Several years ago, someone forwarded me a website/blog called “38 Questions to Ask a Wedding Photographer” and asked me what I thought about it. I won’t shame the person who wrote the article, but it was ridiculous (and I’m being polite here). Okay, you twisted my arm: 38 Questions for Wedding Photographer Seriously one of the questions was to ask the photographer if they shot with film or digital cameras. I do know there are a handful of photographers who still use film, but that question dropped from the real world about 8 years ago.
So I decided to write an article on what I’ve learned from being a wedding photographer, and how I would choose one. There are frauds out there with a camera. Some are frauds because they don’t know better (they just bought a camera last christmas, and although they don’t know how to use it, they want to be a wedding photographer), and then there are the flakes (who mean well, and are good photographers, there’s just a 50/50 chance that they will show up on your wedding day. It’s fairly easy to spot the bad ones. First let’s go over some red flags. Do not choose a photographer if they:
- Do not have a website with their own domain (a facebook photography page does not count)
- Do not have a portfolio of their work to show you, an album is best.
- Do not return your phone call or email within 24 hrs. I get that everyone is busy, but they should be able to respond within 24 hours.
- Show up to a consultation meeting late. It’s rude and unprofessional. If something happened like a car wreck, they should call you. If they are 15 minutes late, and no phone call, then they have blown it. Red flag
- Do not have or work with a contract. If they have a contract, ask to read it
If a photographer gets red-flagged on any of the above items, stay away from them.
Beware of photo stealers. Some photographers will steal images from other photographer’s websites, and claim them as their own. Watch for images on the website where there are no recognizable landmarks. Ask them where the picture was taken. You can also right click the image and click “Search Google for image”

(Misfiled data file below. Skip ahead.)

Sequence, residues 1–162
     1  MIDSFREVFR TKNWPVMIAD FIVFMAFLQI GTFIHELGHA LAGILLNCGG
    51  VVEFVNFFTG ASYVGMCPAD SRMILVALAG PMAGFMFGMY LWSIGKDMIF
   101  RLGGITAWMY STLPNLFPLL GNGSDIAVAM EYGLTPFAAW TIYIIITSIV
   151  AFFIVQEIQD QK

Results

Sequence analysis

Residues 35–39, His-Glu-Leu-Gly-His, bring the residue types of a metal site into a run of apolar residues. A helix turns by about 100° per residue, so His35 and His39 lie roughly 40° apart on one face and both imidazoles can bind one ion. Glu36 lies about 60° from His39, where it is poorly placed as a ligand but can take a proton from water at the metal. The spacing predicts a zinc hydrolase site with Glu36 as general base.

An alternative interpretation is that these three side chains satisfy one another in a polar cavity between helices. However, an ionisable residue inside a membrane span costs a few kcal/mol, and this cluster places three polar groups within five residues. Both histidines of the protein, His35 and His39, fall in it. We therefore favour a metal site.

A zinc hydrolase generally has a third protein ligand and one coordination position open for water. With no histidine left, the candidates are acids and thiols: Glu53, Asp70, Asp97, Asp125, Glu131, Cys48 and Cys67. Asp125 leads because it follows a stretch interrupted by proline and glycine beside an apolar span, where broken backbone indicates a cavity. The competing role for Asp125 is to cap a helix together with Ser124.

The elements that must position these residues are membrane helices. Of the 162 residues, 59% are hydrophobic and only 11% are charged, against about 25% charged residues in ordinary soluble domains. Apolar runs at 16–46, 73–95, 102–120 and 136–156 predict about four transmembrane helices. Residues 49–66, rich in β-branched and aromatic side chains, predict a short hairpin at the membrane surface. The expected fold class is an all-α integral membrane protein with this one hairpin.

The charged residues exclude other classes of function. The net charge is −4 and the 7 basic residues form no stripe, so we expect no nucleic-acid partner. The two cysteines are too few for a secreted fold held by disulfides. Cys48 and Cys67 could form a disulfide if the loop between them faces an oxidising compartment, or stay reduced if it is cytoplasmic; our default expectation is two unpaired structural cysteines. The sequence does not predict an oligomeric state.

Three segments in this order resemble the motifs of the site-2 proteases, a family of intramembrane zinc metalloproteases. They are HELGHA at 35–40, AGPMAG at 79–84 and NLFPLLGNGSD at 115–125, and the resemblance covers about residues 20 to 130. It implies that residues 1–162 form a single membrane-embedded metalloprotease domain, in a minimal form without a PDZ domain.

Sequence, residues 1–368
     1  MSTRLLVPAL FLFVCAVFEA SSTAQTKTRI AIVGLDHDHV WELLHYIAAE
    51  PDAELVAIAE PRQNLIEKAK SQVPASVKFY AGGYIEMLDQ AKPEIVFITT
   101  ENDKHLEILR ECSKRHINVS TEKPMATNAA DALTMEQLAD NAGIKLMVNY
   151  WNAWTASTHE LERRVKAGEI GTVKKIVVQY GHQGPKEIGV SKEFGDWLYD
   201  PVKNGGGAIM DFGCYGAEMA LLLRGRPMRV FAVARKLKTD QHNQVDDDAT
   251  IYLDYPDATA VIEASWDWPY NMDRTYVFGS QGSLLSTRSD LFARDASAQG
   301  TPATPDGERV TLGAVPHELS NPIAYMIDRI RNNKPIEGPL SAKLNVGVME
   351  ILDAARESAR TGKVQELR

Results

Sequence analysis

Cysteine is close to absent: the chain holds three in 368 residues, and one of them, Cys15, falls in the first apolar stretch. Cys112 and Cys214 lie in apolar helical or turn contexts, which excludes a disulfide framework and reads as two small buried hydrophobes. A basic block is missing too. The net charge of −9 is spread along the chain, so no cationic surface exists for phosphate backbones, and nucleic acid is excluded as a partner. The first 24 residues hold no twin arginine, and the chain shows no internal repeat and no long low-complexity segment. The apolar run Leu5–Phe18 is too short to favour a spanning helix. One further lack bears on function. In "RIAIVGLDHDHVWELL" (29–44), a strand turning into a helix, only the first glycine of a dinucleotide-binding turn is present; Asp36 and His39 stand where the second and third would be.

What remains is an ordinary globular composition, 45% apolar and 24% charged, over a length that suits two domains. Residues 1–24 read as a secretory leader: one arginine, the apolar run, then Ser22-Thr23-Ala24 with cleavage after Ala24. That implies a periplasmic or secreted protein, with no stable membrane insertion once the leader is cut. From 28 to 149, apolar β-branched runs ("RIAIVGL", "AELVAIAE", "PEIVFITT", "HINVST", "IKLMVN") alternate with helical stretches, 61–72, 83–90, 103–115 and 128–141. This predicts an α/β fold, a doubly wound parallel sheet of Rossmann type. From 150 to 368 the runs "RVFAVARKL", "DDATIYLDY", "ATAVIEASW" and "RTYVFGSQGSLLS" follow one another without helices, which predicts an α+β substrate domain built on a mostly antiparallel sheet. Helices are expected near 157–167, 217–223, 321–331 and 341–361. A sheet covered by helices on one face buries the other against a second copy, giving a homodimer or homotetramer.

Some Good questions to ask that are RELEVANT:
1. How long have you been photographing weddings?
2. Do you work with a second shooter? What is the name of your second shooter?
3. Do you have any references, brides that you’ve worked with in the past year that we can talk to, and see their wedding photographs? (if this makes the photographer nervous, red flag)
4. How many hours will you be at the wedding, and when do you leave?
5. How long will it take before I have my edited images in hand. (Some photographers make a bride wait 8 weeks before they see the images)
6. How do you and your second photographer dress? (if they wear jeans, or even NICE jeans, Red Flag)
This is a lead photographer at one of the finest venues in South Texas, “Lost Mission” wearing jeans and a sloppy t-shirt. Absolutely disgusting.
My last bit of advice: Don’t choose a photographer entirely based on price. Evaluate the quality of their work, and their personality. Use your gut instinct.